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Successful ‘SEED’ Funding


Thursday, 24th October 2013 at 8:34 am
Staff Reporter, Journalist
A Not for Profit organisation that works with long term unemployed people has received a Westpac Foundation Grant and today discusses how the funding allows the enterprise to continue to grow and provide invaluable services to the community.

Thursday, 24th October 2013
at 8:34 am
Staff Reporter, Journalist


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Successful ‘SEED’ Funding
Thursday, 24th October 2013 at 8:34 am

A Not for Profit organisation that works with long term unemployed people has received a Westpac Foundation Grant and today discusses how the funding allows the enterprise to continue to grow and provide invaluable services to the community.

Russell James (SEEDS Parks and Property Maintenance), Andy Roberts (Westpac's David Institute) and Steve Williams (SEEDS Parks and Property Maintenance).

Andy Roberts, Business Facilitator at Westpac’s Davidson Institute spoke with Steve Williams, the Manager of the Not for Profit social enterprise, SEEDS Parks and Property Maintenance, about the organisation’s continuing success.

AR: Tell us about the original concept for SEED and how it became established.

SW: The Sandgate Enterprise for Economic Development Parks and Property Maintenance ( SEED PPM) is a social enterprise program of SANDBAG Inc. It exists to employ long term unemployed people facing social exclusion, for example, people with mental illness, disabilities, Indigenous Australians, refugees.

SEED provides Landscape Maintenance and Commercial Cleaning services to a range of customers including Brisbane City Council, the ULDA, and Goodstart Childcare.

SEED PPM began operating in October 2009 with a council contract worth $52,000 per annum to mow three parks and look after the main street of Sandgate.  This was part of the Suburban Centre Improvement Program. Funding was provided by the Queensland State Government Department of Employment, Economic Development and Innovation (DEEDI) through the Community Jobs Plan to train staff.  SEED’s original team consisted of a supervisor and four casual staff all of whom had been long term unemployed.

SEED has had excellent growth in sales in the first three years of operation and aims to be self reliant via income from sales by end 2015.

AR: Being a Not for Profit organisation, how are you structured in terms of management and operations?  

SW: SANDBAG is an incorporated association and as such is run by a board of highly skilled and committed local people. SEED is advised by a steering group which in turn reports to the board.

As SEED’s manager, I have the authority to make any day-to-day business related decisions, but with the benefit of being able to seek advice if needed from the steering group.

We currently employ 12 people who are out physically doing the work of landscape maintenance and commercial cleaning.

AR: How does SEED contribute to the community?

SW: SEED creates valuable social impact by giving supportive employment to people who have been doing it tough. Social Ventures Australia (SVA) completed a Social Return on Investment study on SEED in 2011 which found that for every $1 invested $2.45 is created in social value through things such as less government spending on welfare, health services, and an increased income tax base.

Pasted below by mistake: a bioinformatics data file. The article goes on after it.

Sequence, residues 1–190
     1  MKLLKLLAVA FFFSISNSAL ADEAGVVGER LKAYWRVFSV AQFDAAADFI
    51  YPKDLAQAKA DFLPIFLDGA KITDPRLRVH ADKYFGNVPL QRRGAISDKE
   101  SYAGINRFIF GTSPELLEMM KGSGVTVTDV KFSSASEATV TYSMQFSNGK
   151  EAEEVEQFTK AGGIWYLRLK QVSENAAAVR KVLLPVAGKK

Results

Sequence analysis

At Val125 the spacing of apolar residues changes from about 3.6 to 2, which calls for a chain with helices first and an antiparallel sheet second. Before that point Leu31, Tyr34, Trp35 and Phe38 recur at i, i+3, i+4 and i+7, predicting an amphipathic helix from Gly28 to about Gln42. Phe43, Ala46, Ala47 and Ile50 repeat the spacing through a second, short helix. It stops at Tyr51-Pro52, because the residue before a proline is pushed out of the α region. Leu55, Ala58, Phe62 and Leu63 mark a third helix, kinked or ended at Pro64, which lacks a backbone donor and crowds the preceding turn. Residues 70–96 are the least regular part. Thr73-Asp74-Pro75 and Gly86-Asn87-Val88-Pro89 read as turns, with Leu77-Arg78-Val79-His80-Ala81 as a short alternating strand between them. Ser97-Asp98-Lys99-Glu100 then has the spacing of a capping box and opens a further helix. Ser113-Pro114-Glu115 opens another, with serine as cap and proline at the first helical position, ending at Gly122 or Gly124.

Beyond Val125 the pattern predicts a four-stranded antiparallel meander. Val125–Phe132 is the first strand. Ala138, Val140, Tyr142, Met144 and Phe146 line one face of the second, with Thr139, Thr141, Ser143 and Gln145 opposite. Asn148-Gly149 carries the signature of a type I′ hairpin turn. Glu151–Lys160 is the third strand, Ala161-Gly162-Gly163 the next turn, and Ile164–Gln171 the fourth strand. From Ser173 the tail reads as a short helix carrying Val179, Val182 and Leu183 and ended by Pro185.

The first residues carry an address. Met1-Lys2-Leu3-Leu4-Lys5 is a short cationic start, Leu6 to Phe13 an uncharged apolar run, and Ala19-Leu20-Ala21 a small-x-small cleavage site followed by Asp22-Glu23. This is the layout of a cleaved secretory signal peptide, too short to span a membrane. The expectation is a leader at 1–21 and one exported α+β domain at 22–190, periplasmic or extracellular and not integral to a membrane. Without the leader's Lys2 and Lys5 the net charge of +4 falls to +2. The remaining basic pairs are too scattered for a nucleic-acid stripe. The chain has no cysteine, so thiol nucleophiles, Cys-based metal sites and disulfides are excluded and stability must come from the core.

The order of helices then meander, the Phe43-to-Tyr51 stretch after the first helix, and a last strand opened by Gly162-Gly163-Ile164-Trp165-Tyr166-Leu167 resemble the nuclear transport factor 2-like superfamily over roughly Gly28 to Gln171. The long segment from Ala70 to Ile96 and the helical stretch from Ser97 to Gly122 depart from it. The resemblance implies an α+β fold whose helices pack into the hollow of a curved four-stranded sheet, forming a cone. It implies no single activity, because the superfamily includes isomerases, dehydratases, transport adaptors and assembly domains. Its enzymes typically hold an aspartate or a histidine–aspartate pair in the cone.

AR: You've experienced considerable growth since the program was established in 2009. What were the main challenges in managing this growth and how did you survive?

SW: As a start up we struggled with understanding cashflow.  Like many social enterprise’s income was limited and not easy to source, but there were also many competing priorities on which to use this income.   It was a big learning curve for many, whether in operations or on the steering group, to manage the cashflow as we grew.

We found that life became easier as we developed policies and procedures.  Had they been in place earlier we would have been a more efficient operation which in turn would have assisted in managing the cash flow.

We also struggled to have a stable and effective workforce to cover the work that was coming in.

AR: You recently attended the Davidson Institute’s Financial Management 101 short course.  What were the key learnings you took from this course?  

SW: The key learnings I had from FM101 was that cashflow is king.  And that if you don’t understand your finances, it is OK to ask for help – there are people out there that are ready and willing to offer advice.

I’m in the process of implementing changes to SEED’s financial management as a result of the course, and have established a relationship with an accountant from PwC who is assisting in this process.   

The course helped me to recognise where improvements could be made and gave me the impetus and confidence to implement those changes.”

AR: You were successful in obtaining the Seed Funding Grant from the Westpac Foundation.  How will this assist the organisation?

SW: The funding from Westpac is helping us propel towards financial self sustainability. We are using the funds to pay for a portion of management team wages, purchase a new vehicle, and buy some job tracking software to ensure we are measuring and monitoring our performance.

To find out more about SEED or more about social procurement, email steve@seedppm.com.au  

For more information about the Westpac Foundation and a full list of grant opportunities and eligibility criteria, visit www.westpac.com.au/westpacfoundation.

The Davidson Institute is Australia's First School of Money, backed by Westpac Banking Corporation. It provides an extensive range of financial education, from free seminars to facilitated sessions on Cash Flow to Superannuation, and accredited courses in finance.


Staff Reporter  |  Journalist  |  @ProBonoNews



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